Health care services are the total services and public and private institutions provided by the state to take care of the health of its citizens, whether in its own sector or within the private sector, and it is entrusted with approaching the patient. It includes all hospitals, clinics, pharmacies, and human resources including doctors, nurses, medical device engineers, technicians, researchers, and everyone who works in this field.
It encourages industries that support medical services, such as the manufacture
devices, and others. It also includes medical research and education and creates
for successive generations to support this sector.
Access to health care may vary across countries, communities and individuals, and is greatly influenced by social and economic conditions as well as existing health policies. Countries and jurisdictions have different policies and plans regarding personal and population healthcare goals in their communities. Health care systems are organizations established to meet the health needs of the population. According to the World Health Organization (WHO), a well-functioning health care system requires strong financing, a well-trained and adequately paid workforce, reliable information on which to base decisions and policies, and maintenance of health facilities to provide quality medicines and devices.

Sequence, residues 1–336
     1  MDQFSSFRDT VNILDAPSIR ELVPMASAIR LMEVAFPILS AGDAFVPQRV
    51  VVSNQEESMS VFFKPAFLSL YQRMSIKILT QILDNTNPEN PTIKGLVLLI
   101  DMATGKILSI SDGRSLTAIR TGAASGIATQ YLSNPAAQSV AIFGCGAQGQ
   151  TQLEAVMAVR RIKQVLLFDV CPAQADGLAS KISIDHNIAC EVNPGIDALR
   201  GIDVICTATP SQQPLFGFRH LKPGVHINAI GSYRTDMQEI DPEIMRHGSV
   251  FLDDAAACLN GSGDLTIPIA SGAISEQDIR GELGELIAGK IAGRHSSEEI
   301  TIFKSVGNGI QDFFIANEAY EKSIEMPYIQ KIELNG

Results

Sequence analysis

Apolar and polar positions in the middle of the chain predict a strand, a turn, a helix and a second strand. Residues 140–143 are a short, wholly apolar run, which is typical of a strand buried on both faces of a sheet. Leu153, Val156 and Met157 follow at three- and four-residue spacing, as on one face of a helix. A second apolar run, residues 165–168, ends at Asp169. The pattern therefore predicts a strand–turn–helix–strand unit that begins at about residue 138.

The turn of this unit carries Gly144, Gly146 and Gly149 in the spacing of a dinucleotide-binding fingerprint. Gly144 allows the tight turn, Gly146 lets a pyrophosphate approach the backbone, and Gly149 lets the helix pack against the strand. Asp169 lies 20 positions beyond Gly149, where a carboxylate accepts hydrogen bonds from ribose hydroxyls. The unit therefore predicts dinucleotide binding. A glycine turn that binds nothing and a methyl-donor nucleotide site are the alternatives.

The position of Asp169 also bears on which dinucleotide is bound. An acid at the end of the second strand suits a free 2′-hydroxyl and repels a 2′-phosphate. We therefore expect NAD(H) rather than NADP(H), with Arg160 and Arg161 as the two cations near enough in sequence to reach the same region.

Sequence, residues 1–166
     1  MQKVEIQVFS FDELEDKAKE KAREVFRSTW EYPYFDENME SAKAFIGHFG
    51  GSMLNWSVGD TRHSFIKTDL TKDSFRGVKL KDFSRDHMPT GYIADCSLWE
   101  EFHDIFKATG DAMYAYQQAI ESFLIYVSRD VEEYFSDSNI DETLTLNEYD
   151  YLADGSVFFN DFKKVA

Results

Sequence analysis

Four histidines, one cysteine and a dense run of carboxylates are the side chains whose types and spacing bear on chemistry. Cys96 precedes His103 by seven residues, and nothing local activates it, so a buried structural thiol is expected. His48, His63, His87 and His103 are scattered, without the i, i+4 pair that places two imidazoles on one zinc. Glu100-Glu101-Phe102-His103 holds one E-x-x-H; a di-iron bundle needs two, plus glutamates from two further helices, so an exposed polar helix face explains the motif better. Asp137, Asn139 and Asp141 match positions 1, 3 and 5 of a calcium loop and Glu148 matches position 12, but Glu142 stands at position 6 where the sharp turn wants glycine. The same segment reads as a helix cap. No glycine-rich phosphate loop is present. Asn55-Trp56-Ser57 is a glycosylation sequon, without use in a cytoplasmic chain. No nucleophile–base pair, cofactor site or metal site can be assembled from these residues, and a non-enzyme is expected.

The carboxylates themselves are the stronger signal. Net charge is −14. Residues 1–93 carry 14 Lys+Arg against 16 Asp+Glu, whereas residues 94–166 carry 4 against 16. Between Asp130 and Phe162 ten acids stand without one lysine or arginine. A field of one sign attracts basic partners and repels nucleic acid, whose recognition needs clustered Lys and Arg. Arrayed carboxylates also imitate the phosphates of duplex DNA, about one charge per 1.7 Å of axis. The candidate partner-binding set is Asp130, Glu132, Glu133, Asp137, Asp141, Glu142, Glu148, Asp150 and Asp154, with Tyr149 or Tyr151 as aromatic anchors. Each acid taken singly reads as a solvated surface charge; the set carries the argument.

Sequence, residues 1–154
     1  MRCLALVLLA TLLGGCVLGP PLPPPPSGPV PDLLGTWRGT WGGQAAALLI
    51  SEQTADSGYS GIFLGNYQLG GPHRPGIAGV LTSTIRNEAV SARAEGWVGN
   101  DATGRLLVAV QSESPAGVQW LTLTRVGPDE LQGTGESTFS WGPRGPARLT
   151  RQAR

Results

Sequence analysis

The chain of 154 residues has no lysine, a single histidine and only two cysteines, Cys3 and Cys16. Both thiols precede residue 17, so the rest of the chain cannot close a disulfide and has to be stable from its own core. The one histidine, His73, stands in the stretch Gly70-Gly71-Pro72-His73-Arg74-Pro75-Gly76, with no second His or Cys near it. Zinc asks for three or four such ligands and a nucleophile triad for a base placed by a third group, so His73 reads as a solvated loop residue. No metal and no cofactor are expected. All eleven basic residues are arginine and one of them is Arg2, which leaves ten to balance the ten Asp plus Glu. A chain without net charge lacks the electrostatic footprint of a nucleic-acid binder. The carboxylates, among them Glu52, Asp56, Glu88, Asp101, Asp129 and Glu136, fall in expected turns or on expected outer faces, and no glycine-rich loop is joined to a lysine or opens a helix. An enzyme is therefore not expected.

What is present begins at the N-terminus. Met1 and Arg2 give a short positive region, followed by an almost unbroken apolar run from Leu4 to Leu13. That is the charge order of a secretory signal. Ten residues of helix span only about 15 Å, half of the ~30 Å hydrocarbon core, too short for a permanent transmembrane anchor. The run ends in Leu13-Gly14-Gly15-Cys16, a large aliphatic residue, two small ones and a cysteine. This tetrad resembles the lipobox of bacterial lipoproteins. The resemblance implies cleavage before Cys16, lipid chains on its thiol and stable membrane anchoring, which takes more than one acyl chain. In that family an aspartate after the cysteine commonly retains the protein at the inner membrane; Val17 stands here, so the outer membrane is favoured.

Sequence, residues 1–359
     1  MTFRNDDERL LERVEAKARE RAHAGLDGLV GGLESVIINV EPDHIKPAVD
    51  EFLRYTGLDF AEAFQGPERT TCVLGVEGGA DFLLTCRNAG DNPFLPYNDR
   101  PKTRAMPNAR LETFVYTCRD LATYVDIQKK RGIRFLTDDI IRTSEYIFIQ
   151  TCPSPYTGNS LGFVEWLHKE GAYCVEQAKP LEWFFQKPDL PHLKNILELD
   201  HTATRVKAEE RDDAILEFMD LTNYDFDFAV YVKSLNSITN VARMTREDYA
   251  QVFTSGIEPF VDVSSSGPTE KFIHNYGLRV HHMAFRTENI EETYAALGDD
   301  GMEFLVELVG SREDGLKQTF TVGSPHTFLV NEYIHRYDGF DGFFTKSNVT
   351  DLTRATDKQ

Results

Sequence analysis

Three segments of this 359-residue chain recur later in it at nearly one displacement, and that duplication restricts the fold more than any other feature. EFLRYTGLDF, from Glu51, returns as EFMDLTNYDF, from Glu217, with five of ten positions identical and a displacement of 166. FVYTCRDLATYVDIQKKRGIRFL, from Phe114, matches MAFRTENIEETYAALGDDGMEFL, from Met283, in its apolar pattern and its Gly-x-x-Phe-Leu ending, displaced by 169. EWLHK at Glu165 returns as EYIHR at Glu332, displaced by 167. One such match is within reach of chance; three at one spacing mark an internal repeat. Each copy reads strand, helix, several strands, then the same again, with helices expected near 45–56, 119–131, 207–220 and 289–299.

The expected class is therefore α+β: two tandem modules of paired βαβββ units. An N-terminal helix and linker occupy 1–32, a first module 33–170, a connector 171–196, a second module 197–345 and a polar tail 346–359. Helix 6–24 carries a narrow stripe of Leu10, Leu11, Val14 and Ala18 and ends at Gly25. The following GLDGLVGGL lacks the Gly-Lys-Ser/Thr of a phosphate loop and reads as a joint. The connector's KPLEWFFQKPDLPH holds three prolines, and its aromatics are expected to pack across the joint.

There are international organizations such as the Red Crescent, the Red Cross, Doctors Without Borders and similar organizations.
Healthcare can contribute to a large part of a country’s economy. In 2011, healthcare consumed an average of 9.3 percent of GDP or $3,322 per capita in the 34 OECD countries. Highest spenders: United States (17.7%, or $8.50), Netherlands (11.9%, 5,099), France (11.6%, 4,118), Germany (11.3%, 4,495), Canada (11.2%, 5,669), and Switzerland (11% , 5,634), but life expectancy in the total population was highest in Switzerland (82.8 years), Japan and Italy (82.7), Spain and Iceland (82.4), France (82.2) and Australia (82.0), while the OECD average exceeded 80. All OECD countries have achieved universal (or near universal) health coverage, with the exception of the United States and Mexico.
An example of a healthcare achievement is the global elimination of smallpox in 1980, declared by the World Health Organization as the first disease in human history to be completely eradicated through healthcare interventions.